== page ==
‘What are we willing to pay for?’ Health spending in the UK is significantly below France, Germany and other major European countries, report finds
- UK health spending lags significantly behind European countries, report shows
- It remains lower than Europe’s other largest economies, France and Germany
- The UK spends less than Sweden, the Netherlands, Denmark, and Belgium
- Figures from 2016 show the UK spends 2% less of its national income than others
Health spending in the UK is significantly behind European countries such as Germany and France, a report shows.
While health expenditure continues to rise, it remains lower than Europe’s two other largest economies in proportion to national income.
The report by the Institute for Fiscal Studies and Health Foundation, noted that as a percentage of Gross Domestic Product (GDP), the UK continues to spend less on health than Germany, Sweden, France, the Netherlands, Belgium, Denmark, and Austria.
Figures from 2016 show that at 9.5 per cent as a share of national income, health spending – both public and private – falls substantially below spending in Germany, at 11.3 per cent, and France, at 11 per cent.
If the UK were to spend the same proportion of national income on health as Germany in the next year, this would add an extra £30 billion to the health budget, the report said.
It also has fewer doctors per head than all other EU countries with 2.8 doctors per 1,000 people in 2015.
This compares with 4.1 doctors per 1,000 in Germany and 3.3 doctors per 1,000 in France.
Report shows UK health spending significantly behind countries like Germany and France
‘What health system are willing to pay for?’
Niall Dickson, chief executive of the NHS Confederation, which represents organisations across the healthcare sector and which commissioned the report, said significantly more investment was needed to catch up.
‘The choice we have to make is what sort of health and care system we are willing to pay for.
‘The reality is that many other European countries, such as Germany and France, are already spending more than us on health.
- Antibiotics crisis continues to grow, despite GPs being told… The Good Doctors Guide: Meet the best knee replacement… Children consume up to 25% LESS salt after playing online… Angola shuts its border with the Democratic Republic of…
Share this article
‘Increasing funding through taxation in line with this report’s findings would still only take us to the lower-middle ranks of comparable European countries in terms of the amount of tax we pay.
‘Our report has sparked an important debate among politicians and the public about the future of health and social care in this country.
‘It is hugely encouraging to see signs that it is now a priority on the Government’s agenda.
‘The evidence shows that we cannot go on running as we are. We face a choice between significant investment or a period of managed decline.’
UK spends 9.5 per cent of its national income on health, compared to 11.3 per cent in Germany
JUST HOW STRETCHED IS THE NHS?
Waiting times at over-stretched A&E units are at their worst level since records began, according to official figures revealed April 2018.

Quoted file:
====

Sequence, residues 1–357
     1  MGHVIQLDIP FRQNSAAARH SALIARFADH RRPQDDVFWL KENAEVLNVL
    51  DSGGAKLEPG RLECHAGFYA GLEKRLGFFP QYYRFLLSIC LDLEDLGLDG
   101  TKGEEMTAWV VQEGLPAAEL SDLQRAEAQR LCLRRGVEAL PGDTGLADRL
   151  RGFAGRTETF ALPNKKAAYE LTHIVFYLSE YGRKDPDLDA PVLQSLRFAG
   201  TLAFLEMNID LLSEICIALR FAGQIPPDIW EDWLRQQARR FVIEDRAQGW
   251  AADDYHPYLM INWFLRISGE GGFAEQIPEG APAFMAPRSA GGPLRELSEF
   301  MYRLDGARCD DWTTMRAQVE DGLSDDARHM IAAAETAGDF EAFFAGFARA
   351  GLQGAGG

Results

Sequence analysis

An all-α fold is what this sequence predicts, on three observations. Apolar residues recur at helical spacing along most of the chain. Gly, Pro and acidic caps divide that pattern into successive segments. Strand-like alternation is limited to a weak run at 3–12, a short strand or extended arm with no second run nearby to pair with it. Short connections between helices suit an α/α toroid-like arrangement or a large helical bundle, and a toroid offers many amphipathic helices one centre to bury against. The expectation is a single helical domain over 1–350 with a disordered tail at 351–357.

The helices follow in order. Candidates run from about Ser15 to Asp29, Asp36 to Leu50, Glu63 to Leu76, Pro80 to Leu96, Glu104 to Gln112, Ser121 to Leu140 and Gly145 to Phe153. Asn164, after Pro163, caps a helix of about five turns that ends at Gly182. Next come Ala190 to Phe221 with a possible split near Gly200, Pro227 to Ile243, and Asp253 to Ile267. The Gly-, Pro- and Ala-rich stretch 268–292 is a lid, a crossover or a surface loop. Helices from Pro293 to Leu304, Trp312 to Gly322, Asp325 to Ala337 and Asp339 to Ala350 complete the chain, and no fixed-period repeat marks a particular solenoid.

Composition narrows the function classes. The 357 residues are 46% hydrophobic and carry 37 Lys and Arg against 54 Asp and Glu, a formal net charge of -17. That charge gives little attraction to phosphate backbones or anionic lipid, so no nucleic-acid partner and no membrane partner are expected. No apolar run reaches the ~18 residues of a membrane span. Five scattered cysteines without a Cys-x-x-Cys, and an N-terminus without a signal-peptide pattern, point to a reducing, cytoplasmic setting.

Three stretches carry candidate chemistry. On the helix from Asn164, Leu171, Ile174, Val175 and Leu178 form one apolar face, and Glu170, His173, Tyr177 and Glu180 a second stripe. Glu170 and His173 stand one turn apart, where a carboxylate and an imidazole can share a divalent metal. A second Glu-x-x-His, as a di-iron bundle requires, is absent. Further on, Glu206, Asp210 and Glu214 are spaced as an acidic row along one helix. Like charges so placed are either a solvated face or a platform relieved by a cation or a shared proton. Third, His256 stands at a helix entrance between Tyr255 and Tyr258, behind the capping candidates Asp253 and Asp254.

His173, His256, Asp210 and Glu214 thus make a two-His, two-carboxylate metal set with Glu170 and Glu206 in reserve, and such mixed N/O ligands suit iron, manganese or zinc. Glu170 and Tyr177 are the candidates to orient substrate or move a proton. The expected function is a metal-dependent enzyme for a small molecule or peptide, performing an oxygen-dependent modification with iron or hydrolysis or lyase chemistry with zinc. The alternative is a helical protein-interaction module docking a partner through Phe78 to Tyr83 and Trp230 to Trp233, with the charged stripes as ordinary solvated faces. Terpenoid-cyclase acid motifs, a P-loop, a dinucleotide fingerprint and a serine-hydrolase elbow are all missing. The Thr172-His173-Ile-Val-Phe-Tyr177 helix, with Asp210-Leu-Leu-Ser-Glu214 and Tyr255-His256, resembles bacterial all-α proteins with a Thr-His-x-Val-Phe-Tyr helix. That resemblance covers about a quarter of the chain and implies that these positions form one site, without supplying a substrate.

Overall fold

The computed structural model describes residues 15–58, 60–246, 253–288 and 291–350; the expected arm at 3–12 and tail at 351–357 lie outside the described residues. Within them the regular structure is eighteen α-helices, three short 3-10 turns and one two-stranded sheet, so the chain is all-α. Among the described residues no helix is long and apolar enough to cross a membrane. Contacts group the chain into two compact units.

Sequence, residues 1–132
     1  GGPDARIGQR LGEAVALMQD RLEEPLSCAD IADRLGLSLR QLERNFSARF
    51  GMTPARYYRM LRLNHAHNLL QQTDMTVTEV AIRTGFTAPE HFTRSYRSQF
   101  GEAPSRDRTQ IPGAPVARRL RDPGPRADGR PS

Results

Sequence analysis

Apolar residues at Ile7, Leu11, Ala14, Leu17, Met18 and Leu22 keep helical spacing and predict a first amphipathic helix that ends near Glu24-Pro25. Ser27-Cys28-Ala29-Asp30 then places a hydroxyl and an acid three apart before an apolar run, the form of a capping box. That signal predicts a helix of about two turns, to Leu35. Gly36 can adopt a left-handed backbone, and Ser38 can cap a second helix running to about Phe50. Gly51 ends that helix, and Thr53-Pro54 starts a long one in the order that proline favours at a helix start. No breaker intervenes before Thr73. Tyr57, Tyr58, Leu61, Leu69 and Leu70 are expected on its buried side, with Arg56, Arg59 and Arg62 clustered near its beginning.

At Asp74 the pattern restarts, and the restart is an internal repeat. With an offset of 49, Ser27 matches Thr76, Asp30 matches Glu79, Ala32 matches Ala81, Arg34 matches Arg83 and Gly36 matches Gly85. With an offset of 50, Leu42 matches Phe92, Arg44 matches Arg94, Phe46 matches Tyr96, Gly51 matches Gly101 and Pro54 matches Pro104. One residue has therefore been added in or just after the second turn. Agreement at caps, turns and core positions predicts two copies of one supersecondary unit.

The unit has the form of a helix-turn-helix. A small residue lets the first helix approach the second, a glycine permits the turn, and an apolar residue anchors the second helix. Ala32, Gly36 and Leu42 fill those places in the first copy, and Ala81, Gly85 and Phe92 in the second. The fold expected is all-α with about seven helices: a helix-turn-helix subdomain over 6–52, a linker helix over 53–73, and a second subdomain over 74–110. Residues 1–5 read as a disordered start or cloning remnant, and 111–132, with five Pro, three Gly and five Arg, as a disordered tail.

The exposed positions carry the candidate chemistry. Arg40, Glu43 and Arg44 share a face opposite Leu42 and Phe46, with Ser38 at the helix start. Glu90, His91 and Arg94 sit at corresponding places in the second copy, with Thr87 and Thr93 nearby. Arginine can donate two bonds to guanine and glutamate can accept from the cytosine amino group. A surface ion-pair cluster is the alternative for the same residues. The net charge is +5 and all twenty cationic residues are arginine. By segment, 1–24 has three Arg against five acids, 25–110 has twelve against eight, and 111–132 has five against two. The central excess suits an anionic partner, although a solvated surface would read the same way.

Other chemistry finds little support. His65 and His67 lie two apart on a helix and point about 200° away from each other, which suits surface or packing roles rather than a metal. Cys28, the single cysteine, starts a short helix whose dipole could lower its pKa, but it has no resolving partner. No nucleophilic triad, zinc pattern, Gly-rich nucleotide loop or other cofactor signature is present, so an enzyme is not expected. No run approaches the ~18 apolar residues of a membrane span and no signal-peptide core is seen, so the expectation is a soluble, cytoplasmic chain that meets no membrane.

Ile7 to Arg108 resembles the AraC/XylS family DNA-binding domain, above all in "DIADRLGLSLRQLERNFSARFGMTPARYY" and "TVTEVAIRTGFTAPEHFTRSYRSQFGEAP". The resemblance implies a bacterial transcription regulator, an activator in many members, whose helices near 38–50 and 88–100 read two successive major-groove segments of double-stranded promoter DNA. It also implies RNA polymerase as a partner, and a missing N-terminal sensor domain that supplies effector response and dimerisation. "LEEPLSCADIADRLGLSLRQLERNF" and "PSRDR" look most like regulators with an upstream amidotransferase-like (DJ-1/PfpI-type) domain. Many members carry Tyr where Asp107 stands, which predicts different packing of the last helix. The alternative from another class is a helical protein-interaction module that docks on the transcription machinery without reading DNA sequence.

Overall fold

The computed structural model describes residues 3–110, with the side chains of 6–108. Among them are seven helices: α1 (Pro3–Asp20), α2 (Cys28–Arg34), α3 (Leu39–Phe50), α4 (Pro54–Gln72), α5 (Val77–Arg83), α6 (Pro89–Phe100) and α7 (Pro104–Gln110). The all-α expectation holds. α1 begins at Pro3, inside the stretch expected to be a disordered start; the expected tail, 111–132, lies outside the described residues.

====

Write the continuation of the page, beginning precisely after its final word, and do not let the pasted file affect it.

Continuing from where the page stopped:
Experts said the NHS was in the grip of an ‘eternal winter’ and many hospitals are still struggling to cope with the unprecedented pressure.
Health and Social Care Secretary Jeremy Hunt was forced to admit it was the ‘worst winter ever’ amid a severe outbreak of flu and cold weather.
Chiefs cancelled thousands of operations in a controversial move to ease pressure. And experts have suggested this may be the only option to stop a crisis next year.
The latest monthly data from NHS England also shows that waiting times for routine operations, such as knee and hip replacements, are at their highest since 2004.
And violent assaults on staff have risen by 10 per cent in a year – partly driven by frustration with waiting times.
Does the NHS receive enough funding?
Campaigners have argued for years that the NHS is strapped of cash and desperately needs more funding to cope on a day-to-day basis.
It is now in the midst of its worst financial crisis in a generation, they warn, as the health service struggles to function on a tightly-constrained budget.
A&E waiting times have soared to record levels, tens of thousands of patients have had to wait outside casualty units for treatment and dozens of trusts have reported they have no free beds this winter.
NHS England has been allocated £123 billion this financial year from the Budget – but further cash injections have been asked for.
Last November, Chancellor Philip Hammond promised the health service a £2.8 billion cash injection over two years – but this was a third of what experts demanded.
Health trusts across the country have reported severe financial constraints in recent years as chiefs tightens their purse strings.
Proposals to cut costs unveiled in March 2017 include new health tourism rules for GPs to ensure they record all EU patients and enable the NHS to claw back money from their home countries.
Patients will also be denied hip or knee replacements unless their pain is so severe they cannot sleep through the night
At the end of May many medicines will no longer be available on NHS prescription. These include cough mixture, eye drops, laxatives, sun creams, paracetamol and anti-dandruff shampoo. Also included are treatments for constipation, cold sores, minor burns and non-severe pain, such as backache.
Fresh bed-blocking targets for hospitals to free up a set number of beds currently occupied by elderly patients who should be at home.
Plans to ensure that NHS managers stop hiring expensive locum doctors who earn up to £200,000 a year.
Source: Read Full Article